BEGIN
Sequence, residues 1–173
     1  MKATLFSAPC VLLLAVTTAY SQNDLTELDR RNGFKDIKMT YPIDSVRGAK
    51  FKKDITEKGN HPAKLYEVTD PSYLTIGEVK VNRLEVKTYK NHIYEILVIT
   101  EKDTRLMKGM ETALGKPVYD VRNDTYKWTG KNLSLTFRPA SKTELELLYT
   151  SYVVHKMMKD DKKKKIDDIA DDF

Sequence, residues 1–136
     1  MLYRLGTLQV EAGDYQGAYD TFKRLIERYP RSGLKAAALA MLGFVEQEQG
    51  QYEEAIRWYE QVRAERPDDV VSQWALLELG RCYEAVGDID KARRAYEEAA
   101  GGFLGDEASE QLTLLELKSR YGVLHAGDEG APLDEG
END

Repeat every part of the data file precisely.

Sequence, residues 1–173
     1  MKATLFSAPC VLLLAVTTAY SQNDLTELDR RNGFKDIKMT YPIDSVRGAK
    51  FKKDITEKGN HPAKLYEVTD PSYLTIGEVK VNRLEVKTYK NHIYEILVIT
   101  EKDTRLMKGM ETALGKPVYD VRNDTYKWTG KNLSLTFRPA SKTELELLYT
   151  SYVVHKMMKD DKKKKIDDIA DDF

Sequence, residues 1–136
     1  MLYRLGTLQV EAGDYQGAYD TFKRLIERYP RSGLKAAALA MLGFVEQEQG
    51  QYEEAIRWYE QVRAERPDDV VSQWALLELG RCYEAVGDID KARRAYEEAA
   101  GGFLGDEASE QLTLLELKSR YGVLHAGDEG APLDEG